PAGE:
“Just to start with, all those nominations were unexpected. It was enormous for what was essentially a modest foreign, multilingual production,” Schrader said.

When the series was released on Netflix in late March it was praised by critics and viewers for interweaving the particularistic lifestyle of the insular Satmar Hasidic community with a coming of age story familiar to people of all backgrounds.

Notably, “Unorthodox” is the first Yiddish-language production to come out of Germany. English and German are also spoken in the film, but the international cast, especially the young main actors, had to undergo intensive Yiddish language coaching to be able to recite dialogue convincingly.

Shira Haas in Netflix’s ‘Unorthodox.’ (Anika Molnar/Netflix)

Esty proved to be 25-year-old Haas’s international breakout role. Although the actress came to the series with an impressive Israeli resumé, “Unorthodox” catapulted her to international fame. She was interviewed by major entertainment publications and media outlets, and was photographed for fashion spreads. Even the tabloids follow her (for example, Mail Online reported that she wore an exclusive Chanel gown while watching the Emmys in the wee hours of the morning Israel time.)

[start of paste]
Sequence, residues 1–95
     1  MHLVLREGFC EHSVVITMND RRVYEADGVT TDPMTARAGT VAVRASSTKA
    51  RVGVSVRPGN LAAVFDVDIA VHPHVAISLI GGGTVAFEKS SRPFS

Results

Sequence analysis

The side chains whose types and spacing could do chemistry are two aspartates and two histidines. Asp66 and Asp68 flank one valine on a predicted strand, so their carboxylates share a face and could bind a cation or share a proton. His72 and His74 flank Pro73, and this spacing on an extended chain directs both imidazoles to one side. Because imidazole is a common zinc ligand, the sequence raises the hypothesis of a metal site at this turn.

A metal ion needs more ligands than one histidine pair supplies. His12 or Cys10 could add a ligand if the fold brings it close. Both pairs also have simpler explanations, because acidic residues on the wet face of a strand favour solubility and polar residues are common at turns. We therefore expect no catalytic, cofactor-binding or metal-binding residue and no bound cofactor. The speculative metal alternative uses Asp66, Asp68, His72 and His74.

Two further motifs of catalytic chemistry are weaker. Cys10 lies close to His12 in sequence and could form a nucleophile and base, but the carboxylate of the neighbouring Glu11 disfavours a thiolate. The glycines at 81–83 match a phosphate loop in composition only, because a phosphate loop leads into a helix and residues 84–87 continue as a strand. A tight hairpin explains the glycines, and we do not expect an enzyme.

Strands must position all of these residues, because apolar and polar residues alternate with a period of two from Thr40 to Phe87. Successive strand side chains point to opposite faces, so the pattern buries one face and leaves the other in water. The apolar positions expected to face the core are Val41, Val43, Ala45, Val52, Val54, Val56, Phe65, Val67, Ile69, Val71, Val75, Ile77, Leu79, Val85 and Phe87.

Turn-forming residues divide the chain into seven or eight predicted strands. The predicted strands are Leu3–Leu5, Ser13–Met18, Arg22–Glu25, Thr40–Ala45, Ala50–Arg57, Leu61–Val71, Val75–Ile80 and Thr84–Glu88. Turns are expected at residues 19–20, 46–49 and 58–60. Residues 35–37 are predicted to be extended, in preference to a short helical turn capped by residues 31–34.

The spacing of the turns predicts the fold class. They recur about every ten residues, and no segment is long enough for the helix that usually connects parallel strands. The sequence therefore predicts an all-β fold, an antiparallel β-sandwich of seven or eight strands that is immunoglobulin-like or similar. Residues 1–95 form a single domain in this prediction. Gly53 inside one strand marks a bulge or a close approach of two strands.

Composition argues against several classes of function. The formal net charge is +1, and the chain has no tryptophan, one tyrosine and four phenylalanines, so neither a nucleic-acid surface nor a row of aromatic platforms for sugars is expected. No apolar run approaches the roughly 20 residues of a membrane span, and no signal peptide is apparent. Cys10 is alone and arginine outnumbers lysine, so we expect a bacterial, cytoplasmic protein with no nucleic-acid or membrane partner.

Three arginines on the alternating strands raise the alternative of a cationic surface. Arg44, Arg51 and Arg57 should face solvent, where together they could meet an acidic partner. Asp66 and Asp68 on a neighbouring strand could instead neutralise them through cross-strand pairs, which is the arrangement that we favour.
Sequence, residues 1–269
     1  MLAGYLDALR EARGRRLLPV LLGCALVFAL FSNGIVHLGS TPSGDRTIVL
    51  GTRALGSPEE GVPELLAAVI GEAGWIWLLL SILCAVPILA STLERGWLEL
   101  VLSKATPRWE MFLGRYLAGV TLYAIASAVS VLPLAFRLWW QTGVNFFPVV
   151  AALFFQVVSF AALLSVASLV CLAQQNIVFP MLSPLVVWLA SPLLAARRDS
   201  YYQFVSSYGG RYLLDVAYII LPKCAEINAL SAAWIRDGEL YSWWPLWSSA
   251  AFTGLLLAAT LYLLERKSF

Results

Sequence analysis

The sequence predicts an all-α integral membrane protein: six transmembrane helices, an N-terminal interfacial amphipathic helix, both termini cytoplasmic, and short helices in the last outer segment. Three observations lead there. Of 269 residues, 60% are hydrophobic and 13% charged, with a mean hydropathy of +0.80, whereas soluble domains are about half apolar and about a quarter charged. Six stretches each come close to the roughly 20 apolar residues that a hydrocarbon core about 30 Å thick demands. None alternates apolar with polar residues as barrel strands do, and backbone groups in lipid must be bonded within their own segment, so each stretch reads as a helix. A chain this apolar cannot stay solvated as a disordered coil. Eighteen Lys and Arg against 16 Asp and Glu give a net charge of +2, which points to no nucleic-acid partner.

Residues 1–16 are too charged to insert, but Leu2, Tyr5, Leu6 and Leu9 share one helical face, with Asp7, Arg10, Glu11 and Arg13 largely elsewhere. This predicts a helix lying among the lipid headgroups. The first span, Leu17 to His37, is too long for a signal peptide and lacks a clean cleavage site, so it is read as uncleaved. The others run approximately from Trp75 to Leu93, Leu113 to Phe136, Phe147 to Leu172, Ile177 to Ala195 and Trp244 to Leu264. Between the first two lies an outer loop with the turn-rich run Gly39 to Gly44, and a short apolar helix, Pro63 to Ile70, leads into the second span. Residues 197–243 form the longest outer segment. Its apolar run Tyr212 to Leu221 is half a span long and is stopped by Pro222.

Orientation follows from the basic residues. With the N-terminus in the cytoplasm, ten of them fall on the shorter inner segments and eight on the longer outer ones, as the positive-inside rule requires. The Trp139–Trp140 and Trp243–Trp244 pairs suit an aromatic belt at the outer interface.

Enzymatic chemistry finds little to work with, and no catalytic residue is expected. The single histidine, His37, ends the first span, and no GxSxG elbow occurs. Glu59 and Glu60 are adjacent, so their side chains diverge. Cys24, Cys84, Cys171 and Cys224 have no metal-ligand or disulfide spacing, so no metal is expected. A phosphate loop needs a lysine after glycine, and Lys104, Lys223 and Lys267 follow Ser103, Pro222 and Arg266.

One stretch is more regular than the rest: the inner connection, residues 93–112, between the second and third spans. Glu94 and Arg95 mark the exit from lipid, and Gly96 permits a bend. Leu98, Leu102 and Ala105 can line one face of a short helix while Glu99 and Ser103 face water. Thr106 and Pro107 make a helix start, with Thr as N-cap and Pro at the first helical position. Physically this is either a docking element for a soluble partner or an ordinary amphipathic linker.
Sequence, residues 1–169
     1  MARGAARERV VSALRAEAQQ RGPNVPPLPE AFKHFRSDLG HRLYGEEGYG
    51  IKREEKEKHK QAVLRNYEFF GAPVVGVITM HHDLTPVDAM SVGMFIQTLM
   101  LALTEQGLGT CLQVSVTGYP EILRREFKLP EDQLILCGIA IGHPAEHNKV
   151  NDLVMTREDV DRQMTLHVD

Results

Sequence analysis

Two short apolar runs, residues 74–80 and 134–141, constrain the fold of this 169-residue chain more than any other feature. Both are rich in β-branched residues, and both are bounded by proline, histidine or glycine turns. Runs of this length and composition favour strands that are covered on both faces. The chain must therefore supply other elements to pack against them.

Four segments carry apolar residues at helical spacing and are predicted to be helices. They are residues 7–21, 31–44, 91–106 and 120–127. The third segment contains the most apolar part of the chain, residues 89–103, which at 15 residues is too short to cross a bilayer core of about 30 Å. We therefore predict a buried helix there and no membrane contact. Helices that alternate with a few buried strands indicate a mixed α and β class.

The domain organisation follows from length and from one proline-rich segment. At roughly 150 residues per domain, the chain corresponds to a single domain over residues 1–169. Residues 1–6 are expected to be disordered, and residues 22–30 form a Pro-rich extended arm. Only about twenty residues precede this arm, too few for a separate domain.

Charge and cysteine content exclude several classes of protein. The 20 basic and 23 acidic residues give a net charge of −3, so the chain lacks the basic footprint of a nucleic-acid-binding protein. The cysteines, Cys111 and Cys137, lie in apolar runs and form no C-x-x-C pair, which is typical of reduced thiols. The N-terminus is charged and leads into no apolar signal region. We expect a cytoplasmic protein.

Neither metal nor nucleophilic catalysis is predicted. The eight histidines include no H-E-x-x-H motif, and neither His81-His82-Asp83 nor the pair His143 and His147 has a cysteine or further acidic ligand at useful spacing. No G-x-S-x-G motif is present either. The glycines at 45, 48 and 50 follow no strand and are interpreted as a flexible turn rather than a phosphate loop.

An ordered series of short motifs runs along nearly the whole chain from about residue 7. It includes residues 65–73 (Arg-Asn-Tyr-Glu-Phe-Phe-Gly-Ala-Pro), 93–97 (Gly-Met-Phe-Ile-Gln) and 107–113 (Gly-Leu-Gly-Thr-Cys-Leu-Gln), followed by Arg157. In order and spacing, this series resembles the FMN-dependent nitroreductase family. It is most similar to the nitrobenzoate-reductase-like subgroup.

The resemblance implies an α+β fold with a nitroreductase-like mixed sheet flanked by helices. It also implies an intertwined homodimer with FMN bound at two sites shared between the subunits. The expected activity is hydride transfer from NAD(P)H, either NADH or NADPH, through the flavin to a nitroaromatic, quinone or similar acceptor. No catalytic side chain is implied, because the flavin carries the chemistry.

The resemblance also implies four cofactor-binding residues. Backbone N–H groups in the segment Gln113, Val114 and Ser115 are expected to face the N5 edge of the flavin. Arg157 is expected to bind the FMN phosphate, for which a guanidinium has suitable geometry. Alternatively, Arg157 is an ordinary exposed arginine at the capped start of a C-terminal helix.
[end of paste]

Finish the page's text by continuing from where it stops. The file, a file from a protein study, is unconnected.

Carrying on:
“Hopes were high for Shira. I wish she had won the Emmy. She deserved it,” Schrader said.

“When Shira didn’t win, we didn’t think we’d win anything else,” she added.

Schrader, who is also an actress, has been involved in other lauded projects. She starred in the 1999 film “Aimee & Jaguar,” which was nominated for a Golden Globe. Her 2016 historical drama, “Stefan Zweig: Farewell to Europe,” was a contender for Austria’s submission for Best Foreign Language Film at the 89th Academy Awards.

Still, Schrader said she was amazed by the new opportunities offered by streaming platforms such as Netflix. “Unorthodox” was Schrader’s first production distributed in this way, and she discovered that it allows filmmakers to take risks that they could not otherwise take.

“It changes your approach to storytelling and casting. With the ability to reach so many viewers around the world with the click of a button, you can make the art house-type films I make. You can take chances on lesser known actors or different kinds of stories,” Schrader said.

Wedding of Yanky (Amit Rahav) and Esty (Shira Haas) in Netflix’s ‘Unorthodox.’ (Anika Molnar/Netflix)

“As soon as you are put on the shelf next to ‘The Crown’ and all the other big players, you are a big player too,” she said.

In contrast to the hype surrounding “Unorthodox” — including a huge billboard in (an unfortunately empty) Times Square — Schrader said she was grateful to be recognized for the “humble” feel of the show.

As soon as you are put on the shelf next to ‘The Crown’ and all the other big players, you are a big player too

“There were no wild directing choices, no new aesthetics. The show felt almost like a documentary at times. People recognized the director’s work in that, and that is marvelous,” Schrader said.